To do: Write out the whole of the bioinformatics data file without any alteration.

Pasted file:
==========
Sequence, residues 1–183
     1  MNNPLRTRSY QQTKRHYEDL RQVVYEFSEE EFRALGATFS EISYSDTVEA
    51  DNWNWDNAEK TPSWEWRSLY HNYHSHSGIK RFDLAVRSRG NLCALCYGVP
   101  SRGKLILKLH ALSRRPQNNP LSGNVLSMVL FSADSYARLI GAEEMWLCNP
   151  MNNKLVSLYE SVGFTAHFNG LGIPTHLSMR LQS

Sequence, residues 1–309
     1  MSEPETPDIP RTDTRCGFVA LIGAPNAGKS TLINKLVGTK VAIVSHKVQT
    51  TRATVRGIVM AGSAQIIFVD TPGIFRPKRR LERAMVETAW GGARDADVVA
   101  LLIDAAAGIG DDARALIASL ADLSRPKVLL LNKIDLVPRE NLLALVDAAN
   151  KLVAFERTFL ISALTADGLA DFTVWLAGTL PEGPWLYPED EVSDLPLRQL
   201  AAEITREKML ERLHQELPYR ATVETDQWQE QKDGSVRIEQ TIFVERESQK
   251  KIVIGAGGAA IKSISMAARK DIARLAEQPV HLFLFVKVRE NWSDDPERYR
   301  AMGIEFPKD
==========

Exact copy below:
Sequence, residues 1–183
     1  MNNPLRTRSY QQTKRHYEDL RQVVYEFSEE EFRALGATFS EISYSDTVEA
    51  DNWNWDNAEK TPSWEWRSLY HNYHSHSGIK RFDLAVRSRG NLCALCYGVP
   101  SRGKLILKLH ALSRRPQNNP LSGNVLSMVL FSADSYARLI GAEEMWLCNP
   151  MNNKLVSLYE SVGFTAHFNG LGIPTHLSMR LQS

Sequence, residues 1–309
     1  MSEPETPDIP RTDTRCGFVA LIGAPNAGKS TLINKLVGTK VAIVSHKVQT
    51  TRATVRGIVM AGSAQIIFVD TPGIFRPKRR LERAMVETAW GGARDADVVA
   101  LLIDAAAGIG DDARALIASL ADLSRPKVLL LNKIDLVPRE NLLALVDAAN
   151  KLVAFERTFL ISALTADGLA DFTVWLAGTL PEGPWLYPED EVSDLPLRQL
   201  AAEITREKML ERLHQELPYR ATVETDQWQE QKDGSVRIEQ TIFVERESQK
   251  KIVIGAGGAA IKSISMAARK DIARLAEQPV HLFLFVKVRE NWSDDPERYR
   301  AMGIEFPKD